“What’s your end goal?” one of my long-term friends asks via text message. I stare blankly at the screen, dumbfounded, as I don’t have an answer (or at least not one that’s concrete in any sense). It’s a question I have been asked countless times in the past 32 years, and one that I used to have a solid answer to. The answer has obviously changed over the years — from wanting to be a marine biologist, to hoping to be a mom at the ripe ole’ age of 25. Although I still have a secret love of dolphins, and still want to be a mom, these “end goals” never came to be. Heck, at one point in my life I thought it was plausible to be a professional golfer, simply because at one lesson the instructor told me I was a natural.
Motherhood at 25 was buried at just around the time I ended things with my high school sweetheart, and realized my inability to keep a plant alive did not make me the strongest candidate to raise a living and breathing human being any time soon. This “end goal” has disguised itself in many forms over the years, from the early renderings of the game MASH, to the career quizzes you completed as instructed by your guidance counsellor. For some reason we feel inclined to continually uncover the answer to this question from a very young age, when frankly we have been exposed to so little it’s not even plausible to think we could come up with a legitimate answer.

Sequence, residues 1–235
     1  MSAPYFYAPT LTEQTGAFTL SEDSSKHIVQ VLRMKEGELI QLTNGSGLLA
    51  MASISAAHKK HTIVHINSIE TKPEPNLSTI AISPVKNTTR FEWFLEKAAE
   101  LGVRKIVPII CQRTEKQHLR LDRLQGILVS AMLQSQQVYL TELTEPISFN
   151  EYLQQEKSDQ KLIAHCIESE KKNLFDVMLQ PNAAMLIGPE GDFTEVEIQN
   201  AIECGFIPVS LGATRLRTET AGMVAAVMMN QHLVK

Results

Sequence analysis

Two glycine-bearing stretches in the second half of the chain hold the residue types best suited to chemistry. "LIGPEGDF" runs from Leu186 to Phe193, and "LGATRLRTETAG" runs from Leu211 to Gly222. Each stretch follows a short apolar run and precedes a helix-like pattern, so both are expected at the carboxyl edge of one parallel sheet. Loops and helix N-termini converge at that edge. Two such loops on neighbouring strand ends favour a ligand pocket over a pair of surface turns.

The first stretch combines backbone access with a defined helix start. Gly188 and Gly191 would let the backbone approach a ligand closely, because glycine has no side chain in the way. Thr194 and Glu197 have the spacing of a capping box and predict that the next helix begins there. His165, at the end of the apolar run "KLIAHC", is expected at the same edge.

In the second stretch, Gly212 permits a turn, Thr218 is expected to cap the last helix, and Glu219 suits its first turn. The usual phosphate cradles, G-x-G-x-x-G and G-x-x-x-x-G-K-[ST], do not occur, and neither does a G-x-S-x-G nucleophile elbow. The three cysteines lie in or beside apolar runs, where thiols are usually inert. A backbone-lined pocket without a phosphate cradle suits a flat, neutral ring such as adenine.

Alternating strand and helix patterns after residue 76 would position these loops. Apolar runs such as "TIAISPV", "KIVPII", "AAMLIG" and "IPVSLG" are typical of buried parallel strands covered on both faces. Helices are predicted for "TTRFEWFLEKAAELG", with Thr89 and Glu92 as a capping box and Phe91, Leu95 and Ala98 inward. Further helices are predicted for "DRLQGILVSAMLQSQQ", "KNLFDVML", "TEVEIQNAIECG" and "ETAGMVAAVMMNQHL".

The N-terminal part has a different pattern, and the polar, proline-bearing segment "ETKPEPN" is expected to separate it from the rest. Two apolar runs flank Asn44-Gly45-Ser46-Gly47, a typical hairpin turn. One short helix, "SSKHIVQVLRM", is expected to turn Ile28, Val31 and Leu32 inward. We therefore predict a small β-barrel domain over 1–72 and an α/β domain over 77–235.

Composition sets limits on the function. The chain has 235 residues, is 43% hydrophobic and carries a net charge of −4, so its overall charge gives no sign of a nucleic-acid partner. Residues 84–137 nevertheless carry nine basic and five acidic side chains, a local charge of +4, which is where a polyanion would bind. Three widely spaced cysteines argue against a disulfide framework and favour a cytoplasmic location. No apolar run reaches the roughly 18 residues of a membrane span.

Although not all who wander are lost, many of my friends knew from the very beginning exactly what they wanted their lives to look like — here’s a big cheers to you, as the rest of us walk around blind folded carrying a bottle of wine and a toppling pile of self-help books. Without experience, how is one truly to know — and even if we do name our end goal, is it ultimately what we want when we arrive?
We place these ideas atop an indestructible pedestal in hopes that we can continue to keep our eye on this “ultimate prize.” Head down, full steam ahead, eliminating any distractions or detours that may take us off course. We construct our to-do lists of what needs to be done in order to reach this magical end point, tackling each task with such unrelenting focus that we often forget to look around. There is no time to pause and smell the roses, to take inventory of what life looks like, to question if this life we are building still represents what we want; it’s not possible that the road map we built at age 18 could lead us off course — it’s laminated, and saved in our iCloud.
However, as I sit here at 32 I realize that the map I built no longer serves me, and no longer suits the life I hope to live. In fact, I have begun to even question what the “end goal” really represents? Does this end goal really represent happiness and success, or is it simply a pie-in-the-sky way of thinking that helps us to believe we are working towards something and that we are moving forward? To be honest, I wonder if this idea of the “end goal” has the power to prevent us from living the life we wholeheartedly want to live.